Japan’s enigmatic art collective teamLab has been making waves with the launch of the world’s first-ever permanent digital art museum in Odaiba, Tokyo. Officially titled MORI Building DIGITAL ART MUSEUM: teamLab Borderless, or Digital Art Museum for short, it’s a constantly evolving world of tech, art and endless Instagram fodder. If you have even a vague interest in Japan’s tech and art scenes, it’s well worth a visit.
For the uninitiated, teamLab is a 400-strong group of artists, engineers, designers, CG animators, mathematicians and other professionals who come together to challenge the concepts of what art can be.
Since 2001, the enigmatic collective has been winning over fans and art critics around the world with its groundbreaking and immersive multi-dimensional artworks. None of teamLab’s members are ever cited in the works as teamLab’s primary focus is collaboration over individual recognition.
In March 2017, Culture Trip spoke with the founder of teamLab, Toshiyuki Inoko, during the group’s immersive London exhibition Transcending Boundaries. Since then, the collective has built countless other unique works, including turning an entire Japanese park into a digital gallery and crafting the vibrant digital installation for the Gallery Children’s Biennale at the National Gallery Singapore.
The purpose behind the museum
The decision to open this new museum came from the fact that the collective had yet to find a major gallery space strictly dedicated to the growing world of digital art. Though Berlin is home to a Digital Art Museum, it is predominantly online, with only a small brick and mortar space located in the Mitte district.
As a teamLab spokesperson told Quartzy, the primary motive behind the exhibits is to create a fully immersive space free of traditional boundaries. They want to “tear down the borders between ‘one art and another,’ ‘art and visitors’ and ‘oneself and others’ by allowing visitors to melt into the art and become part of it”.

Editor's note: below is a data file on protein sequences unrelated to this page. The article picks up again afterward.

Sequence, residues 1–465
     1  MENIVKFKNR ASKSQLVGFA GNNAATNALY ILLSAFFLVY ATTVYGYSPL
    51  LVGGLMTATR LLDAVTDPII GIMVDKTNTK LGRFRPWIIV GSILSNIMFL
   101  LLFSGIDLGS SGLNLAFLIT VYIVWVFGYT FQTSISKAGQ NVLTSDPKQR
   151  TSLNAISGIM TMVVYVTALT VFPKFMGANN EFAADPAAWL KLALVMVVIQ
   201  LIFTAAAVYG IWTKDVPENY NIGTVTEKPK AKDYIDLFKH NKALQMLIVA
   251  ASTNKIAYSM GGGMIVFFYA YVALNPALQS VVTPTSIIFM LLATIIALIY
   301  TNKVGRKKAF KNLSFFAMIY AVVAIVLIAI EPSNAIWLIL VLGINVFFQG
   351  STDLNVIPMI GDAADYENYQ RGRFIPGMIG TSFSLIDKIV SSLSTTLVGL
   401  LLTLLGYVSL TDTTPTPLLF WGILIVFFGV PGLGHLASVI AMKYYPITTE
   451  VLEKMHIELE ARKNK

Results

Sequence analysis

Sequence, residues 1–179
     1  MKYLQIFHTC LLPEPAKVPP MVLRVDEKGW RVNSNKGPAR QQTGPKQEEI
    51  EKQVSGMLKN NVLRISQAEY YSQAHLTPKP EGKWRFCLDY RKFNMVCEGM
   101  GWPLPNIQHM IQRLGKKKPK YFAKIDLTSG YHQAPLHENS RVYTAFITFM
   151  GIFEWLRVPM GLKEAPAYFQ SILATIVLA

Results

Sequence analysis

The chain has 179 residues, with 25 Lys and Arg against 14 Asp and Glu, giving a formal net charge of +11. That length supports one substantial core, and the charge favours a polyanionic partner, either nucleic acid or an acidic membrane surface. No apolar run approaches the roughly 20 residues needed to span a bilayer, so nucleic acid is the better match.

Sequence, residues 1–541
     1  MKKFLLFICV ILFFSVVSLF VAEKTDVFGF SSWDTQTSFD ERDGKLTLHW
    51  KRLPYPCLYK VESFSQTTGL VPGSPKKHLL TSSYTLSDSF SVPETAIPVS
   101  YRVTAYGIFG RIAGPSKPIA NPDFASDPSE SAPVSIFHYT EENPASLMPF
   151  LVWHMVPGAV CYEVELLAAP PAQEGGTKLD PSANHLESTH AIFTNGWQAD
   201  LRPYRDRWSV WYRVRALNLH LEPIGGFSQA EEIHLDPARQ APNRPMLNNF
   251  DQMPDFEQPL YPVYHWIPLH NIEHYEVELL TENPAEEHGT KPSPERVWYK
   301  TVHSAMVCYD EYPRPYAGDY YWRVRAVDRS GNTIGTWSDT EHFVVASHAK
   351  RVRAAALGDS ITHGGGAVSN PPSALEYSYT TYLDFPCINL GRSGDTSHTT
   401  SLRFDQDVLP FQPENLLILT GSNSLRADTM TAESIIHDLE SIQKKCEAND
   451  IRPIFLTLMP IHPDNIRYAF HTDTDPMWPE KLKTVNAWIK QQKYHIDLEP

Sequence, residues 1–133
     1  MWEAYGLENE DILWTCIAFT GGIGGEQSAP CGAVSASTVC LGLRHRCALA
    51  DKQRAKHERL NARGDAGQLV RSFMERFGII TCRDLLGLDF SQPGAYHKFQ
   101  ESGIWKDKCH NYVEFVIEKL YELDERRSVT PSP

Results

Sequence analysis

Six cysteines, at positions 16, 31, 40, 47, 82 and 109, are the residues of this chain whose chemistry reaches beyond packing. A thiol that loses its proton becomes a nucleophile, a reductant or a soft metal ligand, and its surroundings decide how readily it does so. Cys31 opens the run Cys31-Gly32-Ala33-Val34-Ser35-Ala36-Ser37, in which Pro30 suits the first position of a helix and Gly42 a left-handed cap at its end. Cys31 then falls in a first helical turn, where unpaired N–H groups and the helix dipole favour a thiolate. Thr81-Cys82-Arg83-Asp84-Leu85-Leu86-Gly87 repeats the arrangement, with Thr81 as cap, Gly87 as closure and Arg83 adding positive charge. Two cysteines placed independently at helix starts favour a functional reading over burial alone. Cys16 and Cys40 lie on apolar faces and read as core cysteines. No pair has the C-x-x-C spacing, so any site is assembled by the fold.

What to expect
The museum is a labyrinthian network of exhibits laid out like a maze with minimal direction apart from the occasional arrow. Staying true to the idea of being ‘borderless’, some of the projection exhibits escape their designated spaces, making their way along the walls of other rooms.
In total, the museum is broken into five separate sections: Borderless World, Athletics Forest, Future Park, Forest of Lamps and the En Tea House. But within some of these different sections are mini displays in themselves. If there’s a clear, structured way you typically like to explore a museum, be prepared to throw it out the window.
Also, do try and eat first because there’s a high chance you’ll be exploring the museum for a number of hours and there are no places to eat once you’re inside. There are drink vending machines, though (of course, it is Japan). If you want to try the digital wonders of En Tea House, a cup of digitally enhanced tea will set you back 500 yen.
What to wear
Regarding what to wear, there are no hard and fast rules, however, there are a couple of little suggestions that will definitely ensure you have the most immersive time. If you’re planning to take lots of selfies, wear light coloured clothing on which the projections can best be seen.
Wear flat, preferably soft-rubber soled, shoes. Some of the rooms have delicate or mirrored flooring so high heels, and other shoes with pointed, hard soles may hinder the experience. There are rental shoe stations available, but if borrowing a pair of communal shoes isn’t really your style, it’s best to plan ahead.
In relation to the aforementioned mirrored floors, wear pants when visiting the gallery to avoid flashing a little too much. The lighting is often dark, but it doesn’t mean it’s impossible to see. For some exhibits, there are free pants you can pop on underneath.
Location and opening details
For those travelling via public transport, the best way to get to the museum is via Tokyo Teleport Station, which is served by the Rinkai Line.
At first, Odaiba seems like an unlikely place for an art gallery, considering it’s a human-made island filled to the brim with flashy entertainment outlets and mega-sized shopping stores. However, once you look at teamLab’s modus operandi – combining the natural world with tech-driven innovation – this futuristic inlet is the perfect location.
Located in Odaiba’s already established Palette Town complex, the museum was created in collaboration with the Mori Building Company, the team behind many of Tokyo’s other iconic sites including Omotesando Hills, Roppongi Hills and the Mori Art Museum.
The museum is open from 10am until 7pm from Monday through Thursday and on Sundays and national holidays. On Fridays, Saturdays and the evening before holidays, the museum stays open until 9pm. It is closed every second and fourth Tuesday. Pace Gallery represents teamLab.